I’m going to start this post with a little disclaimer.
I’m never satisfied with the book reviews I write. I always think they should be more intellectual, or insightful, or interesting. I feel as though I’m writing an English Literature essay and the pressure is on for me to produce something original, to show that I’ve understood a novel in a deep and meaningful way.
And the hardest part is coming up with an engaging but meaningful title. As bloggers we’re conditioned to think about SEO and search terms, but we also want to be creative.
Yep, good book reviews are hard to write. I’m certainly not an expert.
But there are things that you can do to improve the quality of your reviews.
Make notes while you read
If we get into the debate about writing in books, this could become a whole other post. But leaving that aside, I think my best book reviews have come after I’ve made notes whilst reading a novel. Note taking is a habit I got into at university; I never wanted to write in my books, so instead I jot down notes in a notebook. Sometimes I’ll copy out a quote if it moves me in some way.
You might argue that taking notes detracts from the reading experience, pulling you out of the story. Perhaps, but it can also fix otherwise fleeting thoughts and feelings in your mind, allowing you to express them more eloquently in a review.
I’m guilty of finishing a book and then trying to write a review days, or sometimes even weeks later, when the initial sense of the story has faded. That only makes it harder to pick out the nuances of the novel, or remember the details that I loved, before they were eclipsed by something else.
Think like an English student
You don’t have to have an English degree to write a good book review, but studying literature does help you dig deeper into a text and make connections.
- What recurring themes and motifs appear in the book? Why are they there? What effect do they have on the reader? What do they symbolise?
- What about the plot: are there holes? Did you see the big twist coming way too early, or did the author surprise you? Does everything make sense? Is it believable, or are things too contrived?
- Quality of language: is the author an amazing writer? Do they excel at description, but struggle with action, or vice versa?
Are the characters realistic? Does the book have a unique or engaging voice? Why is it so good (or bad)? Does the dialogue sound natural?
- What message is the writer trying to convey? Does it come across or is it lost somewhere within the text?
- How did the book make you feel? Did you straight up love it? Did you hate it? Consider why: maybe the characters frustrated you, or they weren’t likeable, perhaps something awful happened, or the story made you uncomfortable. Before you dismiss the book for these reasons, consider this – maybe that was the writer’s intention. And if so, doesn’t that make it a success?
- Would you read anything else by this author? Have you read their previous books, but found this one to be disappointing? What are the differences?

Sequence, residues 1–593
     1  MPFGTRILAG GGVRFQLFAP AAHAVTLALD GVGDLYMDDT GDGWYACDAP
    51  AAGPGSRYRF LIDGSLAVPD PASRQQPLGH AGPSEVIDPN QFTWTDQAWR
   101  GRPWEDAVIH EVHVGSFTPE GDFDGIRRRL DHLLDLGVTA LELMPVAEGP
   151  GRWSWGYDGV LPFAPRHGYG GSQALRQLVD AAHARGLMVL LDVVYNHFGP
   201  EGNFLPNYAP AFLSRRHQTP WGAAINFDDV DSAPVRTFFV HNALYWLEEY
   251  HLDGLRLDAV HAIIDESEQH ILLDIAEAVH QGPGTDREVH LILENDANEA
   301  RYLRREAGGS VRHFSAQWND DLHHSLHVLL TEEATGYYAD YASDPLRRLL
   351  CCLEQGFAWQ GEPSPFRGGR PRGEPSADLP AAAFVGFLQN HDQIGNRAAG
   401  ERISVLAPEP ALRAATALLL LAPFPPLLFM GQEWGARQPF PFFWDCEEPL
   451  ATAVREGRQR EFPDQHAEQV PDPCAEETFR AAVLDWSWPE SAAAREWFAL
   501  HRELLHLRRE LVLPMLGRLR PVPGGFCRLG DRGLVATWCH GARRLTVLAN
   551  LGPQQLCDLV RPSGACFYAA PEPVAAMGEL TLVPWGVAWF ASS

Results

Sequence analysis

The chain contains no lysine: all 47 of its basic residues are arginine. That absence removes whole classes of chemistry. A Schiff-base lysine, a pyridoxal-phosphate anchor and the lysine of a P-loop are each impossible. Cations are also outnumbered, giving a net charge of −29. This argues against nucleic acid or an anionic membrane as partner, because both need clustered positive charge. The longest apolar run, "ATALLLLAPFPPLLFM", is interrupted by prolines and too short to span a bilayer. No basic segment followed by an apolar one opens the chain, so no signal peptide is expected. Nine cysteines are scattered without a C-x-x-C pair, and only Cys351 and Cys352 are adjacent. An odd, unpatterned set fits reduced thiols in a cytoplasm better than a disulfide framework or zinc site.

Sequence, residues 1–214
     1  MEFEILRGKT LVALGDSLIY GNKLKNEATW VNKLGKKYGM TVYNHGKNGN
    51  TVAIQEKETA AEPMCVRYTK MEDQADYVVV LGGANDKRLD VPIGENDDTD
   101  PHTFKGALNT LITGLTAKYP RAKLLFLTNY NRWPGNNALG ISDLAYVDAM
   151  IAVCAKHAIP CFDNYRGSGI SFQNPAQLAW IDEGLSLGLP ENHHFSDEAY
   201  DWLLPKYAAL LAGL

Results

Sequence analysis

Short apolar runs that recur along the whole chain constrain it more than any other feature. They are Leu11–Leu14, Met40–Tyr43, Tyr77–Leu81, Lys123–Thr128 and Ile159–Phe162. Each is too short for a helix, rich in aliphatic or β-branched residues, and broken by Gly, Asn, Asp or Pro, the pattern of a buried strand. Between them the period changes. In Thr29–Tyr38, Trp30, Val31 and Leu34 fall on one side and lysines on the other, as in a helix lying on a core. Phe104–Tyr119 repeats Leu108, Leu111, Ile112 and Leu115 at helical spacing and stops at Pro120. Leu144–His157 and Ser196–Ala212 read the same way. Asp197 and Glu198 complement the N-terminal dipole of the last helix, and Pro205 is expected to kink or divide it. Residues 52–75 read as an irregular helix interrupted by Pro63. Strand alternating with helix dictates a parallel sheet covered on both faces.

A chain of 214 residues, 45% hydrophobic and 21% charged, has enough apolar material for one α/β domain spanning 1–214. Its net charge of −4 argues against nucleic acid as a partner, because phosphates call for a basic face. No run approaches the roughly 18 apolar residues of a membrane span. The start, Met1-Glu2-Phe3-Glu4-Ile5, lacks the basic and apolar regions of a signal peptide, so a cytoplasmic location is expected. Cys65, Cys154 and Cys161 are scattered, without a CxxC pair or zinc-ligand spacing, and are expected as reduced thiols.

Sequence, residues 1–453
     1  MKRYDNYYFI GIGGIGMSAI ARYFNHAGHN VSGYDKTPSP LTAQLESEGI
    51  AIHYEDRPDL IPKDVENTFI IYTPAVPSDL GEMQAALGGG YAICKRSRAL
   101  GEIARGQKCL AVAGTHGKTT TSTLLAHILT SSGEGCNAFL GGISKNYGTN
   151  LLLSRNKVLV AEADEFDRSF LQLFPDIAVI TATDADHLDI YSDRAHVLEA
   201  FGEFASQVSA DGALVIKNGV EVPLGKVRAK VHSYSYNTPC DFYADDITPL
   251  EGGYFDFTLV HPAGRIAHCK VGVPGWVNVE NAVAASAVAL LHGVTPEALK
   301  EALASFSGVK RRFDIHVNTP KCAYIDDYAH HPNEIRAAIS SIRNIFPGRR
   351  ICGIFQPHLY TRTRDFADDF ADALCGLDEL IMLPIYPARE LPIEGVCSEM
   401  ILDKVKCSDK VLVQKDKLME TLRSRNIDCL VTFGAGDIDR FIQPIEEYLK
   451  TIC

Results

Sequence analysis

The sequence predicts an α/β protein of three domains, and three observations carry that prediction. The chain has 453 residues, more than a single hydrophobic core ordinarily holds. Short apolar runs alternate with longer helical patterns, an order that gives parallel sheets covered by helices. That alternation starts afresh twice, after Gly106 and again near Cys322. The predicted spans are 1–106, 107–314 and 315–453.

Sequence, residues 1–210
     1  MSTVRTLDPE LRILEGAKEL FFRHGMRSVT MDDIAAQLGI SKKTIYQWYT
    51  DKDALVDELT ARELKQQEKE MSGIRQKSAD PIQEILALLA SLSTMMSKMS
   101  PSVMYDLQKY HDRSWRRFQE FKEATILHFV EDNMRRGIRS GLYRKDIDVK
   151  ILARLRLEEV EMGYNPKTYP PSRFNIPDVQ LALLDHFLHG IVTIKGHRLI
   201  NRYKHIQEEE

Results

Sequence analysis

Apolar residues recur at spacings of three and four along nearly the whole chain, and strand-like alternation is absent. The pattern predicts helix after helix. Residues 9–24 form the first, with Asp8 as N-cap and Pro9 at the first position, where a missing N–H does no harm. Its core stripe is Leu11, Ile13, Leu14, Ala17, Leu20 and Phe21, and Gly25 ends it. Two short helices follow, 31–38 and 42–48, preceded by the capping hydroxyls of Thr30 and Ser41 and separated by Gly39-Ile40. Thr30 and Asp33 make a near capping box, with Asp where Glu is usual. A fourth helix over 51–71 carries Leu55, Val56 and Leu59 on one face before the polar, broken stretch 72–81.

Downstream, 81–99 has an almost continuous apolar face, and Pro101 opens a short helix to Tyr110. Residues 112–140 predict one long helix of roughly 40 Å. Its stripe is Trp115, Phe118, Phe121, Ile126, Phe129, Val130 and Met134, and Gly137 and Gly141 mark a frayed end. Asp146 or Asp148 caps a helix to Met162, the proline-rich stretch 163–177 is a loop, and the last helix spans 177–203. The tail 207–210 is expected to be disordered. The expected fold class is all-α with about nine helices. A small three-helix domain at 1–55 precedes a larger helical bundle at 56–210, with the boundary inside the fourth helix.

- What books is this one similar to, that readers might also enjoy?
I could go on, but you get the idea.
Don’t be afraid to take an angle
When writing a book review, you don’t have to simply summarise the plot, say whether or not you liked it and give it a star rating.
You could approach the review in a different way entirely. Maybe the plot covers a topic that would allow you to tell a story of your own, explaining why the book has had such an effect on you. Perhaps you want to discuss the protagonist in more detail, thinking about them in the context of characters in other novels.
Maybe you just want to write a list post or a really short statement on why you liked the book. Don’t feel you have to stick to the same old format.
Some books aren’t worth a review
And by that, I don’t mean that you should only write positive reviews. Everyone has their own view and preferences on this subject; it’s really up to the individual.
But still, there are some books that really aren’t worth your time. I’m talking about the mediocre books, the ones you slogged your way through for hours on end. The ones that you were reluctant to pick up, the ones that inspired you to clean the bathroom rather than read. Those books that are instantly forgettable, where you suddenly realise you’ve been reading the same page for 15 minutes and you have no idea what’s happened. Then you look back and have no clue what half the book is about.
If you don’t have anything interesting to say – good or bad – maybe it’s better not to say anything. You gave the book hours of your life; don’t feel you have to write about it too.
And if you only write about books that inspire your passion in some way, your reviews will automatically be better, because your feelings will shine through your words and capture your reader.
After all, that’s what the best reviews do: they highlight the best parts of our favourite literature, introducing us to new novels and authors, and inspire us to read.